Study guide for exam 2
Study guide for exam 2 PSY 151
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This 21 page Study Guide was uploaded by Patrece Savino on Saturday April 2, 2016. The Study Guide belongs to PSY 151 at Wake Forest University taught by Dr. Schrillo in Winter 2016. Since its upload, it has received 38 views. For similar materials see Intro to Psychology in Psychlogy at Wake Forest University.
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Date Created: 04/02/16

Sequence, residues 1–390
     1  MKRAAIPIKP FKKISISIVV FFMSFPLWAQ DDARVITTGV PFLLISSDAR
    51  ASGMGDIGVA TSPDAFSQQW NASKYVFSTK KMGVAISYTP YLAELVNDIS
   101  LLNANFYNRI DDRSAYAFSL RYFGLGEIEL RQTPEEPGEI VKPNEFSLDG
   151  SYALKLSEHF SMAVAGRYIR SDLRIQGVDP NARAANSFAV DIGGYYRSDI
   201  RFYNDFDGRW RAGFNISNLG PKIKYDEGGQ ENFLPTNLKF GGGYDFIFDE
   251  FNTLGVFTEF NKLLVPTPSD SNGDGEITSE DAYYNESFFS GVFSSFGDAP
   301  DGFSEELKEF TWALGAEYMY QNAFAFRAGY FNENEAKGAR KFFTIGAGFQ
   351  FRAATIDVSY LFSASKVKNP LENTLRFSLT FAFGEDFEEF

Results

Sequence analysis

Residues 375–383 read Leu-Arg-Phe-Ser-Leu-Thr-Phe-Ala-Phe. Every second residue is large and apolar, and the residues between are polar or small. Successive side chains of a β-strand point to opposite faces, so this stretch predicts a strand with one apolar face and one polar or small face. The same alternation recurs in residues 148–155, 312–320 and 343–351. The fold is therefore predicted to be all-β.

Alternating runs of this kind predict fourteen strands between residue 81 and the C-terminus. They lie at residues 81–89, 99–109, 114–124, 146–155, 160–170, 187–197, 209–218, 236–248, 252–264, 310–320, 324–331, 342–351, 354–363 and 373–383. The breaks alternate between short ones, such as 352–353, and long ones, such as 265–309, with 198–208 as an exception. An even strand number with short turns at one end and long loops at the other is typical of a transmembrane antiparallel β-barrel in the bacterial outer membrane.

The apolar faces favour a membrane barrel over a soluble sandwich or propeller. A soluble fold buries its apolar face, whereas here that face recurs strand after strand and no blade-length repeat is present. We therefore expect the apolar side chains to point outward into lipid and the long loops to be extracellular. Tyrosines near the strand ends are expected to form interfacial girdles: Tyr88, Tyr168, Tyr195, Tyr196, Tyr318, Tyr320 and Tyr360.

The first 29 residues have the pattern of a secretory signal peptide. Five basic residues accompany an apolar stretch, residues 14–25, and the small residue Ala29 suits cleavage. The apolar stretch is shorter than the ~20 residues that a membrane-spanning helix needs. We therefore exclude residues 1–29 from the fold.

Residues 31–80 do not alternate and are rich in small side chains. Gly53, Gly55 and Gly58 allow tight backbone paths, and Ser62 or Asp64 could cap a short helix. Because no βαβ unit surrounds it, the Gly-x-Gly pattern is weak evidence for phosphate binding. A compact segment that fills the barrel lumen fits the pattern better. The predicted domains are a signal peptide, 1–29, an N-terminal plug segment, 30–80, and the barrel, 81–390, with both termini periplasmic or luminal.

Chapter 11: Intelligence and Thinking Intelligence is defined as a person’s ability to… o learn and remember information o recognize concepts and their relations o apply the information and recognition by behaving in an adaptive way Crystallized vs. Fluid Intelligence o Raymond Cattell’s 2 factors of intelligence o Fluid intelligence: detecting relations in specified informational contexts; closely related to a person’s native capacity for intelligence Classifying figures Seeing patterns o Crystallized intelligence: drawing on previously acquired information and skills; things a person has already developed using their fluid intelligence Vocabulary Arithmetic Information learned in school Spearman’s “g” theory o Spearman proposed the “g” factor – a general factor of intelligence that applies to all areas of intelligence Common to performance on all intellectual tasks Includes 1. Apprehension of experience 2. Drawing out of relations 3. Drawing out of correlates o Common task on tests of intellectual ability solving analogies (requires all three principles) Sternberg’s Triarchic Theory of Intelligence o Successful intelligence is the ability to analyze and manage personal strengths and weaknesses effectively o Draws on analytic, creative, and practical intelligence Analytic intelligence cognitive mechanisms people use to plan and execute tasks Metacomponents (planning) Performance components (word recognition) Knowledgeacquisition components (learning new vocabulary) Creative intelligence ability to deal effectively with novel tasks and solve problems automatically that have been encountered previously Novel tasks Automated tasks Practical intelligence reflects behaviors that were subject to natural selection Adaptation (fitting into a given environment) Selection (finding a niche in that environment) Shaping (changing the environment) Intelligence tests o BinetSimon Scale measured a variety of psychological abilities that appeared to distinguish people of high and low intelligence Measure of mental age not IQ o Intelligence quotient (IQ): a child’s mental age compared to actual age IQ = (MA/CA) x 100 o Weschler IQ: consists of two principle categories of intelligence defined by Weschler: verbal and performance intelligence scores Reliability and Validity o Reliability: researchers assess reliability in terms of the correlation between the scores people receive on the same test on two different occasions Perfect reliability is 1.0 o Validity: one way to establish the validity of an intelligence test is by the strength of the correlation between the test scores and the criterion – an independent measure of the variable that is being assessed, such as grades in school Correlation between IQ and school grades = 0.5 Flynn Effect: across the world IQ test scores are increasing over time o Economic standing? o Getting more intelligent and need to adapt the test? Problems for IQ tests: o Cultural bias The effects of a person’s and culture on what they have learned – not their inherent abilities Ex. What is a catacomb? Who wrote Romeo and Juliet? Groups of people are disadvantaged because test material is foreign to their own cultural contexts Heritability of IQ o Your IQ correlates with your parent’s IQ 0.40.7 o Heritability: amount of variation in the trait of intelligence when inherited Concepts: a category of objects or events that share certain attributes o Basiclevel concept: a concept that makes essential distinctions at an everyday level Ex. chair and apple o Superordinate concept: a general or overarching concept that includes basiclevel concepts Ex. chair and apple furniture and fruit o Subordinate: a morespecific concept that falls within a basiclevel concept Ex. lawn chair and granny smith apple Reasoning o Deductive reasoning: specific conclusions from general rules John is taller than Phil. Sue is shorter than Phil. John is taller than Sue. o Inductive reasoning: general principles from specific information or examples Errors in Reasoning o Availability heuristic: estimating the likelihood of events based on their presence in our memory; if instances come readily to mind (vividness), we presume such events are common Car/Consumer reports example o Representativeness heuristic: judging the likelihood of things in terms of how well they seem to match particular prototypes; may lead us to ignore other relevant information Ex. classify something by what it seems most similar to dog as an animal o Confirmation bias: a tendency to seek evidence that may confirm a hypothesis rather than evidence that might disconfirm it o Cognitive conceit: putting too much faith in our own reasoning ability and cleverness o Planning fallacy: assume optimal outcomes at each step of a plan or process o Halo effect: take pronounced quality or trait and assume it extends to other characteristics of that person Ex. an attractive person seen as more intelligent/kinder/etc. than they really are o Anchoring: tendency to let the first number overly influence others “How many nations are in Africa today?” Guesses will revolve around first guess o Entrapment: sunk costs; tendency to stay in a losing situation too long because of what you have already invested Kahneman’s system 1 and system 2 thinking o Thinking fast and slow o System 1 uses intuitive judgments (fast) based on the recognition or use of heuristics (generalized strategies) Detect that one object is more distant than another Orient to a sudden sound Complete the phrase “bread and…” Make a disgust face when shown a horrible picture o System 2 uses slow and effortful thinking; requires attention and is disrupted when attention is drawn away Brace for the starter gun in a race Focus attention on the clowns in a circus Focus on the voice of a particular person in a noisy room Bat/ball question Damassio’s Somatic Marker Hypothesis o Gut feelings guide our thinking lack of gut feelings can be paralyzing o Worked with people who lost their gut feeling in accidents but have perfectly functioning cognitive processing, memory, reasoning, intelligence, etc… Were not effectively able to make choices/decisions Baye’s theorem o Better, more informed, more accurate predictions o Tells us the probability of a hypothesis being true if some event happened o Prior probability: the likelihood of an event to happen in general o Posterior probability: revised estimate of prior probability taking into account background information in a specific instance Likelihood of getting breast cancer based on general statistics based on general statistics and family history Tools in reasoning o Algorithms: a procedure that consists of a series of steps that, if followed, will solve a specific type of problem o Heuristic: general rule, or “rule of thumb,” that is useful in guiding our search for a solution to a problem o Meansends analysis: a general heuristical method of problem solving that involves looking for difference between the current state and the goal state and seeking ways to reduce those differences Prospect theory: people, despite seemingly acting in a rational and logical way, make constant mistakes in evaluating their chances to win or lose o Framing effects: the way decisions are presented affects our choice Losses hurt more than gains Would you rather have a 90% chance of getting $1000 or a 100% chance of getting $900; Would you rather have a 90% chance of losing $1000 or a 100% chance of losing $900 (people choose b&c) Mental set: a framework for thinking about solving a problem; can be limiting Chapter 12: Development Research designs o Crosssectional study: individuals of different ages are simultaneously compared with respect to some test or observation Ex. a developmental psychologist might present mathematical problems to groups of 5, 7, and 9yearolds to measure the children’s grasp of the concept of negative numbers More convenient than longitudinal studies Important problem in interpretation* o Longitudinal study: compares observations for the same individuals at different times of their lives Ex. a longitudinal study of children’s grasp of negative numbers might test a group of children when they are 5, 7, and 9 years old o Crosssequential study: combines elements of longitudinal studies and crosssectional studies Temperament in infancy o Easy babies: readily adapt to new experiences, generally display more positive moods and emotions, have regular sleeping and eating patterns o Difficult babies: tend to be intensely emotional, are irritable and fussy, cry a lot, and tend to have irregular sleeping and eating patterns o Slowtowarmup babies: have a low activity level, withdraw from new situations and people, and adapt to new experiences very gradually Prenatal development Zygote 02 weeks Zygote divides many times and internal organs begin to form Embryo 28 weeks Heart begins to beat, brain starts to function, most major body structures begin to form Fetus 8 weeks to birth Appearance of bone tissue o o o o o o Teratogens: substances, agents, and events that can cause birth defects Perceptual development o Critical period: a specific time in development during which certain experiences must occur for normal development to take place Ex. infants interaction with caregivers must occur otherwise cognitive development will be impaired o Sensitive period: a period during which certain experiences have greater effect on development than they would have if they had occurred at another time Ex. acquisition of a second language Cognitive development o Piaget’s theory Children all follow a sequence of development Operation: a logical mathematical rule that transforms an object into something else; can be reversed (inverting multiplication to division) Assimilation: the process by which new information is incorporated into existing schemas A young boy has schemas for what adults are like and for what children are like – adults are tall and drive cars, children are short and ride bikes change/add to Accommodation: the process by which existing schemas are changed by new experiences some short people are adults rather than children 4 Periods of Cognitive Development: Period Approximate Age Major Features Sensorimeter Birth to 2 years Grasp of object permanence; deferred imitation; rudimentary symbolic thinking Preoperational 2 to 6 or 7 years Increased ability to think symbolically and logically, egocentrism, cannot yet master conservation problems Concrete operational 6 or 7 to 11 years Mastery of conservation problems; understanding of categorization; cannot think abstractly Formal operational 11 years on Ability to think abstractly and hypothetically Object permanence: sensorimeter period; realization that that objects do not cease existing when they are out of sight Egocentricism: selfcenteredness; preoperational children’s belief that others see the world in precisely the way he or she does Conservation: the ability to realize that an object retains volume, mass, length, or number when it undergoes various transformations in concrete operational period water in short stout glass is same as tall skinny glass Problems with Piaget’s theory Prevalence of decalage – people can develop horizontally and you don’t need to fully reach one stage to get to another o Vygotsky’s theory: interconnection between thought and language and the importance of society and culture Actual developmental level: the skills and problemsolving abilities that a child can show on his or her own indicate the level of development that the child has mastered represents the limit of the child’s cognitive skill Zone of proximal development: increased capacity for problem solving resulting from guided help A teacher shows you a method for solving a problem that makes perfect sense to you and helps you solve similar problems *Greater emphasis of social interaction and social contributions to cognitive development o Theory of mind: expectations concerning how experience affects mental states, especially those of another; knowledge about other’s beliefs or state of mind Ex. professor always keeps marker in desk drawer you arrive to classroom before professor and someone takes the marker out of the drawer and leaves with it you still expect the professor to look for the marker in the drawer Cognitive aging o What declines? Episodic memory including prospective declines Working memory span declines Fluid intelligence peaks at 25 o What doesn’t? Semantic memory is good Implicit memory is good Crystallized intelligence peaks at 6080 but continues to grow o Signs of cognitive aging Speed decline: processing speed slows over time Access, deletion, control of prepotent responses o Brain areas affected by cognitive aging Frontal lobes Basal ganglia Social development o Attachment Stranger anxiety: the wariness/fearful responses, such as crying and clinging to their caregivers, that infants exhibit in the presence of strangers Separation anxiety: a set of fearful responses, such as crying, arousal, and clinging to the caregiver, that an infant exhibits when its caregiver attempts to leave the infant Strange Situation 4 patterns of attachment A series of 8 episodes during which a baby is exposed to various events that might cause some distress related to attachment and security In episodes of increasing stress, the researcher introduces the infant and its parent to an unfamiliar playroom then leaves, the parent leaves and later is reunited with the infant, or a stranger enters the playroom with or without the parent present o Led Ainsworth to identify 4 patterns of attachment: secure attachment, resistant attachment, avoidant attachment, disoriented attachment Secure attachment: infants show a distinct preference for their caregiver over a stranger, cry when she leaves and seek contact when she returns; majority of babies form a secure attachment; securely attached infants will venture out from their mothers to explore but return periodically Resistant attachment: babies show tension in their relations with their caregiver; stay close with caregiver before they leave but show avoidance when they return and continue to cry or push her away Avoidant attachment: generally do not cry when they are left alone, react to strangers as they do with caregivers, avoid or ignore caregiver when they return, do not cuddle when held Disoriented attachment: babies have least quality of attachment and appear most troubled; react to caregiver in confusing and contradictory ways, “dazed” o Attachment behaviors of infants Sucking: nonnutritive sucking appears to be an innate behavioral tendency in infants that serves to inhibit a baby’s distress Cuddling: important role in reinforcing the behavior of the caregiver Harlow’s experiment o Baby monkeys preferred to cling to cuddly “surrogate” fake mother rather than the wire model with the milk to be comforted Looking: looking serves as a signal to parents; if parents do not respond when eye contact is made baby will show signs of distress Smiling and Imitation: a face is a reliable elicitor of a baby’s smile visual stimuli Crying: event that most effectively terminates crying is being picked up and cuddled o Gender Gender stereotypes: beliefs about differences between the behaviors, abilities, and personality traits of males and females influence behavior of members in society Gender stereotypes that actually seem to exist Earlier verbal development for girls Stronger spatial abilities and more aggression for boys o Kohlberg’s theory of moral development Most influential theory of moral reasoning 3 distinct levels of moral reasoning: Preconventional: avoiding punishment/maximizing gain Conventional: want to be seen as good, recognize need for social order Postconventional: universal ethical principles Each level is based on the degree to which a person conforms to conventional standards of society Each level has two stages that represent different degrees of sophistication in moral reasoning Chapter 8: Memory Processes in Memory: Encoding: putting something into memory Storage/Retention: keeping something in memory Retrieval: getting something back out of memory Retrieval is the most common failure of memory Multistore model of memory 1 possible, albeit flawed, version of human memory (modal model) 3 distinct memory stores: o Sensory memory Short term memory Long term memory Guided study of memory for decades Characteristics of Types of Memory: Multistore Model summary Sensory Memory Shortterm Longterm Memory Memory Encoding Requires Preattentive STM attention LTM rehearsal processing Type of Copy of input Mostly auditory Mostly semantic information (articulatory) Capacity Large Small Very large Duration 0.25s 25s Minutes to years Sperling’s Iconic Memory Experiment Studied the “span of apprehension” o How much can you see in a single glance flashes of letters o People typically report 45 items but claim to have seen more o Tested by Sperling using a partial report procedure: Trained subjects to report a particular row based on a tone that occurred after the display (high – top, middle – middle, low – bottom) o Demonstrated the existence of a very brief visual sensory memory store called iconic memory Characteristics of iconic memory: Duration ~0.25s Type of information: visual image Capacity: very large Echoic memory: a momentary sensory memory of auditory stimuli; if attention is elsewhere, people can generally still recall 34 words Primacy and Recency Effects A researcher slowly reads words off of a long list when she is finished reading she asks you to write what you remember down people tend to remember words at the beginning of the list and at the end of the list Primacy effect: the tendency to remember the words at the beginning of the list Recency effect: the tendency to remember words at the end of the list The Limits of Working Memory Chunking: using knowledge that you have to build chunks out of the information o Example: Letter tests: build chunks out of the words to remember the letters C A T D O G R A T H O P R U N o Capacity debate: 7 plus or minus 2 units of information: classical answer 4 units for STM: real answer Belief that if people don’t use rehersal techniques it will only be 4 units Baddeley’s Model of Working Memory Central executive: o Flexible workspace that can be used to control and coordinate mental operations o Can also be used to store additional information – if the memory load is large, it will be used partly for storage Less capacity is left for other operations, so reasoning time takes longer Phonological loop: o Speechbased part of working memory that allows for the verbal rehearsal of sounds or words o Memory span is less than 7 for longer words o Used for: counting, forming longterm memories, acquiring new vocabulary, reading, mathematical calculations, problemsolving, etc. Visuospatial sketchpad: o Holds and processes visual and spatial information o Allows you to store visual appearance and relative information o 2 verbal tasks interfere with each other, 2 visual tasks interfere with each other, & a verbal and visual task interfere with each other less so Baddeley’s model explains this by having a separate store for visual information but shared central executive resources Measuring Working Memory Measures of working memory should assess both capacity and manipulation Backward digit span: giving people a set of digits and asking them to recall them backward Reading span: read sentences and store the last word of each, recall words in order at prompt Operation span: solve simple math problem and read word, recall words at prompt Articulatory Suppression: ex. repeating cola out loud during numbers tests Consolidation Consolidation: the change of information from a state of shortterm activation into structural changes in the brain. These changes are considered permanent and are hence part of longterm memory o When an item isn’t active in the memory, it is stored through structural changes and can be retrieved later on Amnesia Retrograde amnesia: you can’t remember anything from the past at all Anterograde amnesia: impairment from the time of an event forward; inability to make memory ex. HM The LevelsofProcessing Approach Developed by Craik and Lockhart o They pointed out that the act of rehearsal may effectively keep information in shortterm memory but does not necessarily result in the establishment of longterm memories They suggested that people engage in two different types of rehearsal o Maintenance rehearsal: cramming information Simply repeating verbal information over and over Maintains information in the short term but not necessarily in the long term o Elaborative rehearsal: trying to understand information and link it with things that you already know Involves more than new information: forming associations, attending to the meaning of the information, thinking about that information, and so on Encoding specificity Encoding specificity: degree over overlap between learning and retrieval environment o The more overlap there is in the learning environment and retrieval environment, the better memory will be Encoding specificity is illustrated in: o Context effects: environmental factors surrounding an event effects how it is perceived and remembered Baddeley’s scuba diver word test o State dependent memory: the ability to recall information easily when you’re in the same environment in which you learned the information o Mood and memory: Natural and clinical studies are hard because you need to ethically manipulate someone’s mood in extreme ways Ex. recalling qualities of a significant other when you’re mad at them (bad qualities) vs. not mad at them (good qualities) Mnemonics Mnemonic system: a special technique or strategy consciously used in an attempt to improve memory o Method of loci: mnemonic system in which items to be remembered are mentally associated with specific physical locations Ex. Using a familiar location like our kitchen to do a “mental walkthrough” of items you need while at the grocery store o PegWord Method: a mnemonic system in which items to be remembered are associated with a set of mental pegs already in the memory, such as key words of a rhyme Ex. one is a bun, two is a shoe, three is a tree, etc. = mental pegs view your grocery list as a package of cheese in a hamburger bun, a shoe full of milk, eggs hanging from a tree, etc. Types of Long Term Memory Episodic memory: o Provides us with a record of our life experiences o Events stored are autobiographical o Consists of memory about specific things we have done, seen, heard, felt, tasted, etc. o Tied to particular contexts Ex. this morning’s breakfast, 15 birthday party, etc. Semantic memory: o Consists of conceptual information o Longterm store of data, facts, and information, including words and their meanings o Information of the “academic” type Explicit and Implicit Memory Explicit Memory: memory that can be described verbally and of which a person is therefore aware (Declarative) o We know that we have learned something and we can talk about what we learned with others o Includes episodic and semantic memory Implicit Memory: memory that cannot be described verbally and of which a person is therefore not aware (Nondeclarative) o It is unconscious and we cannot talk directly about its contents o Can affect our behavior o Includes perceptual (recognizing objects, sounds, smells, etc.) and procedural (classical and instrumental conditioning, motor skill learning) memory Perceptual recognition: how long an exposure do you need on a word? Shorter exposure if you’ve seen the word recently HM shows effect of recognizing the words Word fragment completion: tell word carpet and ask them to complete the word car_ _ _ o Normal people and amnesiacs tend to complete it with recently studied terms *** explicit memory is gone, implicit memory is not Hippocampus as source of LTM consolidation for declarative memory Storage in LTM Savings: you learn something to a criteria and allow some time for forgetting and then relearn it to the same criteria how long does it take the second time compared to the first? Less time = savings Recognition: easier than recall; multiple choice questions – given the answer and you just have to recognize the right one Recall: not given the answer just fill in the correct answer Causes of Forgetting Decay: the information is no longer in your brain Interference: the information is still in your brain but something is interfering with your ability to retrieve it o Proactive interference: something that happened before the event interferes with your ability to subsequently retrieve it Ex. going to this class before biology will get in the way of remembering things from biology class compared to not doing anything before that class o Retroactive interference: something after the event is interfering with your ability to retrieve it Ex. going to biology class after this class gets in the way of your ability to remember what happened in this class Schemas Schema: a mental framework or body of knowledge that organizes and synthesizes information about a person, place, or thing Help us encode information in more meaningful ways, but they can also induce systematic errors o Ex. thinking of living things as either animals, plants, or fungi might help you classify organisms; however, your schema of “living things” might lead you to overlook the possibility that viruses could be a form of life False memories and recovered memories Are memories of past events necessarily real? o Anecdotal evidence that they’re not: Piaget: nanny fighting off kidnapper false memory vomSaal (?) o Recovered memory: ex. something traumatic happened a really long time ago and its blocked out and comes back later Evidence that this is real, but false memories occur more often Some recovered memories turn out to be false memories Can we create false memories? o Ceci’s work with kids “think hard” …it’s easier to create false memories with children o Loftus – shopping mall Brain areas supporting WM – PFC , esp dorsolateral PFC Flashbulb memories Some episodic memories are acquired under such powerful personal experiences of emotion and surprise that they become especially vivid and longlasting o Ex. personal memory about where you were, what you were doing, etc. when you first heard about the attack on the World Trade th Center on September 11 , 2001 Flashbulb memories: memories activated by events of extreme surprise and great personal consequence o Some believe that flashbulb memories are immune to the effects of distortion, but evidence says that they could be Korsakoff’s syndrome A disorder that usually occurs in chronic alcoholics The subject is unable to form new episodic memories but can retain some implicit memories similar to HM LANGUAGE Components of Language Phonology: rules about sounds of a language o Which word doesn’t have a normal English sound: plitos, glitos, tpitos? o Phonemes: basic unit of phonology (kind of like a letter); smallest unit of change in sound in which the change in it changes the perceived meaning Vary in matter of articulation Place of articulation Voicing Ex. de, do, da – the phoneme is the “d” and multiple sound waves map onto the same phoneme “de” “do” “da” Ex. ladder, latter – same sound wave Phoneme perception mysteries: not a unique 1:1 Mapping between each signal and perceived sound Semantics: knowledge about meaning of words o Morpheme: basic unit Words and things like “ed” and “ing” that change the meaning of the word Syntax: rules for combining words o You can recognize a sentence in a set of words Pragmatics: rules for describing functions of language and its use in various situations o Needed to understand sarcasm, irony, indirect utterances you need context in the situation to understand “It sure is noisy in here.” = “Quiet down.” o Functions of language: assertions, asking questions, etc. Generativity Generativity: our ability to produce and comprehend utterances that we have never heard before o Ex. recombining words in difference sentences that we’ve never heard before and still be able to comprehend them Language Acquisition Phonology o Perception = innate? o Categorical perception of speech sounds in very young infants “b” vs. “p” o Evidence for innateness = infants dishabituate to p but not to b they don’t react to the change in b so they habituate to it Semantics o The first systematic meaningful communication involves gestures that serve pragmatic functions Ex. a baby lifting its arms to be picked up o Protolanguage: gestural precursors of first real words – serve pragmatic functions pointing, open arm wave, grasping These are then idiosyncratically coordinated with sounds First real words are mapped onto this foundation o Meaning of first words Overextension: calling all animals dogs because they learned the word dog Underextension: mastering what words apply to what Overregularization: grammatical errors that usually start in the early stages of a child’s language development where language rules are applied too generally o ex. a child refers to more than one mouse as mouses rather than mice We didn’t cover acquisition of syntax or pragmatics in class (?) Nature vs. Nurture debate Nativist vs. Learned Accounts o Are you born with it? Nativist o Hearing parents speak, positive reinforcement…etc. Leanred o The “forbidden experiment” – what would language be like if kids were never exposed to it? Things to consider that may point to nativist aspects: o Children hear utterances but learn rules – “I runned.” (Mom and Dad didn’t say “I runned.”) o Each child is exposed to a different corpus, but learns the same rules o All children acquire language smart kids, less smart kids, kids with mental handicaps o Regularities found in learning very different languages Tests of nature vs. nurture question pointing to language being biology: o Feral children: raised by wild animals and come back to civilization what kind of language skills do they have? o Children without language model Deaf children of hearing parents who’s parents do not want them to learn sign language Kids tend to begin inventing their own signs at times of one word speech, two word speech, etc. Critical period evidence o Acquiring first language o Jeannie – raised by mentally ill parents and was never spoken to for 12 years Learned simple language but wasn’t able to master complex forms of grammar because she was outside of the critical period…language is not necessarily all learned o Sue Romba and Kanzi Brain and Language Broca’s aphasia: left frontal lobe, can’t produce speech but can understand it Agrammatism: can speak but not grammatically correct Wernicke’s aphasia: damage to left temporal lobe and causes deficit in understanding and producing speech o Is language unique to humans? o Can we teach other animals to use human language? Chimpanzee’s can’t learn to speak because they don’t have the vocal apparatus to do it…but are there other ways to teach/communicate through human language? o Washoe: female chimpanzee was the first nonhuman to learn to communicate with human sign language Vocabulary of a few hundred signs Showed generativity when she went to a pond, saw a swan, and combined the signs for “water” and “bird” Question of whether or not she was individually naming the water and the bird separately Taught her baby sign language o Koko: female gorilla that learned a number of hand signs from a modified version of human sign language Francine Patterson worked with Koko Gorilla language department in brain more similar to human’s than chimpanzee’s are Claims for Koko: similar to generativity that Washoe showed, but came up with combinations for a cigarette lighter More really extreme claims for Koko consensus was that Koko was a sham o Current work with bonobos: http://www.npr.org/templates/story/story.php?storyId=5503685 Suggestion that they have achieved level of preschooler Was teaching to communicate by using a keyboard system by Sue Romba Greater advances from being taught at a young age – initially by accident Teaching Kanzi’s mother, he was just hanging around, but when mother was taken away, Kanzi used keyboard to communicate – food, affection, find lost mother The baby was communicating much more successfully than the mother did CRITICAL PERIOD FOR LANGUAGE ACQUISITION = earlier in life?